Physician Compare Overview
This overview provides information about the Physician Compare Website - Opens in a new window – its purpose, evolution and future.
What is Physician Compare?
The Centers for Medicare and Medicaid Services (CMS) was required by Section 10331 of the Patient Protection and Affordable Care Act (ACA) of 2010 to establish the Physician Compare website. As a result, the site was launched on December 30, 2010. In its first iteration, Physician Compare utilized the existing Healthcare Provider Directory already part of Medicare.gov. Since that time, CMS has been working continually to enhance the site and its functionality, improve the information available, and include more and increasingly useful information about physicians and other healthcare professionals who take part in Medicare. This effort, along with the eventual addition of quality measures on the site, will help it serve its two-fold purpose
- To provide information for consumers to encourage informed healthcare decisions; and
- To create explicit incentives for physicians to maximize performance.
What information is available on Physician Compare?
Currently, Physician Compare is a website that allows consumers to search for physicians and other healthcare professionals who provide Medicare services. Some of the information on the site includes:
- Physicians’ and other healthcare professionals’ names, addresses, phone numbers, specialties, clinical training, and genders.
- If physicians and other healthcare professionals speak languages other than English.
- The hospitals physicians and other healthcare professionals are affiliated with.
- If physicians and other healthcare professionals accept the Medicare-approved amount (patient will not be billed for any more than the Medicare deductible and coinsurance).
- Group practice information including their location addresses, phone numbers, maps and directions, specialties, as well as a list of physicians and other healthcare professionals within that practice.
How does CMS decide what to post on Physician Compare?
CMS uses feedback from the public and stakeholders through Town Hall meetings, Listening Sessions, e-mail received at PhysicianCompare@Westat.com, and the rulemaking process to define the scope and direction of Physician Compare. Through rulemaking, CMS proposes new policies, including what type of information will be publicly reported on Physician Compare in what years, and the public is provided the opportunity to comment on these proposals and give CMS their opinion.
What are the plans for public reporting of quality of care data on Physician Compare?
CMS has begun to implement a plan to make quality data available on Physician Compare. The Affordable Care Act (ACA) required the plan be established by January 1, 2013. The first step in this plan was outlined in the 2012 Physician Fee Schedule (PFS) Final Rule initiating a phased approach to public reporting. The second step as outlined in the 2013 PFS Final Rule furthers the plan to add quality data and other information to Physician Compare. According to this plan, CMS will post the first set of measure data on the site in calendar year 2014, reflecting data collected no sooner than program year 2012. These data will include Physician Quality Reporting System (PQRS) Group Practice Reporting Option (GPRO) measures for group practices and Accountable Care Organizations (ACOs).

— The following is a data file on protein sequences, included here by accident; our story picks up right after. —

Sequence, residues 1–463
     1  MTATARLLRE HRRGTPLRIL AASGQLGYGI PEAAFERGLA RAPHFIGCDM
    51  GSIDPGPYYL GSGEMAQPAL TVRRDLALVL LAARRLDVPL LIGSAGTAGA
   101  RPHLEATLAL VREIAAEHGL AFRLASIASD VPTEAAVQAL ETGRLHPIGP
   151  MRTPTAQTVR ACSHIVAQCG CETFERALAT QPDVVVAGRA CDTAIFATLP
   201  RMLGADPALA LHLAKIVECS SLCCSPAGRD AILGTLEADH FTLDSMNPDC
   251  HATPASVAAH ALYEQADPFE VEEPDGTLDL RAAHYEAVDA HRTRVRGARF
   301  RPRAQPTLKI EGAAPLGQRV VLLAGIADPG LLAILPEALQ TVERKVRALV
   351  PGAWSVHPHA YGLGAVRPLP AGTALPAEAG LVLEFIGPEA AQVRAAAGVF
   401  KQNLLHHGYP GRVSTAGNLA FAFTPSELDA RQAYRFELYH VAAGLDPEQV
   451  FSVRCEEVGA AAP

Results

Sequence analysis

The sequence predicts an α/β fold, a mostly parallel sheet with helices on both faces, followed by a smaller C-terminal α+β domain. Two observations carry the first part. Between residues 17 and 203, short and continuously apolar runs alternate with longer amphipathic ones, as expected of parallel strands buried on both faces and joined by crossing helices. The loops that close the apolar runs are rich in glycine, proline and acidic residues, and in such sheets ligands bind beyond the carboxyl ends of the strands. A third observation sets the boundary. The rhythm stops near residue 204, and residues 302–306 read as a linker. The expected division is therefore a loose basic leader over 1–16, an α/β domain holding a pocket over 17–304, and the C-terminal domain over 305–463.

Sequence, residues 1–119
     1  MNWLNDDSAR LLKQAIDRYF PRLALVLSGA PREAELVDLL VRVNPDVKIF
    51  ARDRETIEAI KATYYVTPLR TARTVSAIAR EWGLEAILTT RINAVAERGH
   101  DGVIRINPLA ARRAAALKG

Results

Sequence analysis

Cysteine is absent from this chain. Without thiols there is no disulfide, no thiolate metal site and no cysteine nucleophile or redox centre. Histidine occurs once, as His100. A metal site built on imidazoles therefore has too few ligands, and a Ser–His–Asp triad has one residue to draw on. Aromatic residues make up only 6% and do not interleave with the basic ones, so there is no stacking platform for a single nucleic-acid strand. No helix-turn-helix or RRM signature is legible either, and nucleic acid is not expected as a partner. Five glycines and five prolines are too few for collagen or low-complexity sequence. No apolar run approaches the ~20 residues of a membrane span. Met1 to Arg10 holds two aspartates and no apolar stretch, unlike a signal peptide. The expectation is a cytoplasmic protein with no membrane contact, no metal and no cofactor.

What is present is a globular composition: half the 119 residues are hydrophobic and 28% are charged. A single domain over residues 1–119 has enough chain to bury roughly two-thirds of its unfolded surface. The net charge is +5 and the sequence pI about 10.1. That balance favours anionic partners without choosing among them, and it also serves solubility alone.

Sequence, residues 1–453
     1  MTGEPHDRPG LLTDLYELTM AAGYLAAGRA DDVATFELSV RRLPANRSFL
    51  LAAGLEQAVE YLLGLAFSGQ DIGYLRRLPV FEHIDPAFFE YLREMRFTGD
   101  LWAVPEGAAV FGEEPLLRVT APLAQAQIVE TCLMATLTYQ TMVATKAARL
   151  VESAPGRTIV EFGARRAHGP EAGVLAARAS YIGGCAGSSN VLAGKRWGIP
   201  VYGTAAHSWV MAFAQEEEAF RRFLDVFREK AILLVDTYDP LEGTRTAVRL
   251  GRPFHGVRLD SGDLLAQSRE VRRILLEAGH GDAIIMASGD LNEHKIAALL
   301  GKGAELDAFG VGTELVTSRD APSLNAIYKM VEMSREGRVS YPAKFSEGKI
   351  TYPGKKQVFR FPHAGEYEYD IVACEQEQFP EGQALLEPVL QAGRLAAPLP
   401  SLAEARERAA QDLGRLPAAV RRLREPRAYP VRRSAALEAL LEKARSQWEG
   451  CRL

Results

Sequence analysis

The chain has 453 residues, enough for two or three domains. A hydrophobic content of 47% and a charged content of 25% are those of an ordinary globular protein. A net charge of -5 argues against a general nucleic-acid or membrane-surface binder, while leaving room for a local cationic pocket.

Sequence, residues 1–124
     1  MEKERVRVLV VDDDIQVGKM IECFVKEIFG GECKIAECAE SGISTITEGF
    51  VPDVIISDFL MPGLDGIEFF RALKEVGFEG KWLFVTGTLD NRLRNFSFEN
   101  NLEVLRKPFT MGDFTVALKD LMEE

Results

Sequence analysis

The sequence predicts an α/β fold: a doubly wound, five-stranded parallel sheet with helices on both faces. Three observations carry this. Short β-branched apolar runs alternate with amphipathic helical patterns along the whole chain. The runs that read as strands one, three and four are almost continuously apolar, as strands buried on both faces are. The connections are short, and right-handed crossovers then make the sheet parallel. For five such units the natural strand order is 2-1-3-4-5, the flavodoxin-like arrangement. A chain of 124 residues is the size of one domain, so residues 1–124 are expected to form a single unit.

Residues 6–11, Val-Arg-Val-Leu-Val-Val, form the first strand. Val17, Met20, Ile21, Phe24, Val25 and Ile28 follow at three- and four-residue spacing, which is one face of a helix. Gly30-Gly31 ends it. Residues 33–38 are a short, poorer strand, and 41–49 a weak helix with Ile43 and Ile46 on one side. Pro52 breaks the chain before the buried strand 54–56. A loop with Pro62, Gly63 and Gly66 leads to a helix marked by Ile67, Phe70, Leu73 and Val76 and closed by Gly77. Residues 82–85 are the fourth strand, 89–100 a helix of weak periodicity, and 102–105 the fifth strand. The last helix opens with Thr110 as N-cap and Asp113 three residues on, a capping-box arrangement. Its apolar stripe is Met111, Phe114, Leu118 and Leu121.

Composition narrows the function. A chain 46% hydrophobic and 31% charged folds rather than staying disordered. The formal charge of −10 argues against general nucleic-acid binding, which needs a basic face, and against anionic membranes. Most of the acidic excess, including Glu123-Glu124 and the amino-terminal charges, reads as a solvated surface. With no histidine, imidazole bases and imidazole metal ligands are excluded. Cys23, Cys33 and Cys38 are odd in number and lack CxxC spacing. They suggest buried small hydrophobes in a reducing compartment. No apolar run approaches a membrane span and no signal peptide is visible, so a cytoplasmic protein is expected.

The plan for Physician Compare also includes publically reporting patient experience data, such as the Clinician and Group Consumer Assessment of Healthcare Providers and Systems (CG CAHPS) measures, for ACOs and group practices of 100 or more eligible professionals participating in the 2013 PQRS GPRO as soon as technically feasible, but not before calendar year 2014.
How are CMS’ quality programs related to Physician Compare?
Physician Compare includes information about physicians and other healthcare professionals who satisfactorily participate in CMS quality programs.
The Physician Quality Reporting System (PQRS) is a pay-for-reporting program that gives eligible professionals incentives and payment adjustments if they report quality measures satisfactorily. Although PQRS is a standalone program, it touches on other CMS programs that require quality reporting, such as the eRx Incentive Program, the EHR Incentive Program, the Medicare Shared Savings Program, and the Value-based Payment Modifier. This Medicare program encourages physicians and other healthcare professionals to report information about the quality of the care they provide to people with Medicare who have certain medical conditions. Physicians and other healthcare professionals can choose whether to report quality information through PQRS. Profile pages show whether physicians and other healthcare professionals have taken part in PQRS.
The Electronic Prescribing (eRx) Incentive Program is a pay-for-reporting program that encourages physicians and other healthcare professionals to use electronic prescribing to improve communication, increase accuracy, and reduce errors. To participate in this Medicare program, physicians and other healthcare professionals must report on their use of a qualified eRx system. Profile pages show if physicians and other healthcare professionals are participating in the eRx Incentive Program.
The Electronic Health Record (EHR) Incentive Program is a Medicare program that provides incentives and payment adjustments to eligible professionals who use certified EHR technology in ways that may improve healthcare. Profile pages will show if physicians and other healthcare professionals are participating in the EHR Incentive Program.
E-mail feedback and questions to the Physician Compare team at PhysicianCompare@Westat.com.
- Page last Modified: 10/16/2014 10:08 AM
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